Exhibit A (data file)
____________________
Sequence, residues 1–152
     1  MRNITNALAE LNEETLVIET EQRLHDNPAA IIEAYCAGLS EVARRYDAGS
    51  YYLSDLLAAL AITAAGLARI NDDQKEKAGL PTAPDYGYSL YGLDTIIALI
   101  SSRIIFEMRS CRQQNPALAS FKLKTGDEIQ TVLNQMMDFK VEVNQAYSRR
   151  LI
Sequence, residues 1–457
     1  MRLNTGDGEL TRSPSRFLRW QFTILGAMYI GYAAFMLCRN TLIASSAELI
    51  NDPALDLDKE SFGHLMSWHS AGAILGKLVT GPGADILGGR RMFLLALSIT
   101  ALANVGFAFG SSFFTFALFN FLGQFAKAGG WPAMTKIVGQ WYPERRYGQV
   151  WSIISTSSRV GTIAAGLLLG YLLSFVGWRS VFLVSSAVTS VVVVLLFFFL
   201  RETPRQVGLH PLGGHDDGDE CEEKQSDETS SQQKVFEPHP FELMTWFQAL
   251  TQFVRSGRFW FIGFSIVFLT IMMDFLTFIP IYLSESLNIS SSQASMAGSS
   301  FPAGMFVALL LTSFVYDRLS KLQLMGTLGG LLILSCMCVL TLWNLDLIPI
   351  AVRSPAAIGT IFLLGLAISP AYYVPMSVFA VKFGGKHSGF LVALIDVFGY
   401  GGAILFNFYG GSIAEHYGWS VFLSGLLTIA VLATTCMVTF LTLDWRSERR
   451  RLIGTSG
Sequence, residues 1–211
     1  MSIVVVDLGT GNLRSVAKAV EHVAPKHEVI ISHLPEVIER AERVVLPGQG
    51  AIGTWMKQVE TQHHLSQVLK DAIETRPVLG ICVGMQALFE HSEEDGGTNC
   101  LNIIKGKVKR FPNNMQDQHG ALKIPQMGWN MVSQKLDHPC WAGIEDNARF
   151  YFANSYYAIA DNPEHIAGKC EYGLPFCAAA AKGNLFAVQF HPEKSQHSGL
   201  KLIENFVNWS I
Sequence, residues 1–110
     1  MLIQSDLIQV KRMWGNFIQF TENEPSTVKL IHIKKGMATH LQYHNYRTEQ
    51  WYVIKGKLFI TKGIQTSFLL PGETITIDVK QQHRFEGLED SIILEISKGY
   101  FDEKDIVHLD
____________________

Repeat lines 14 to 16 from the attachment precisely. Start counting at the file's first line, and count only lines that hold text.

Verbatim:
   351  AVRSPAAIGT IFLLGLAISP AYYVPMSVFA VKFGGKHSGF LVALIDVFGY
   401  GGAILFNFYG GSIAEHYGWS VFLSGLLTIA VLATTCMVTF LTLDWRSERR
   451  RLIGTSG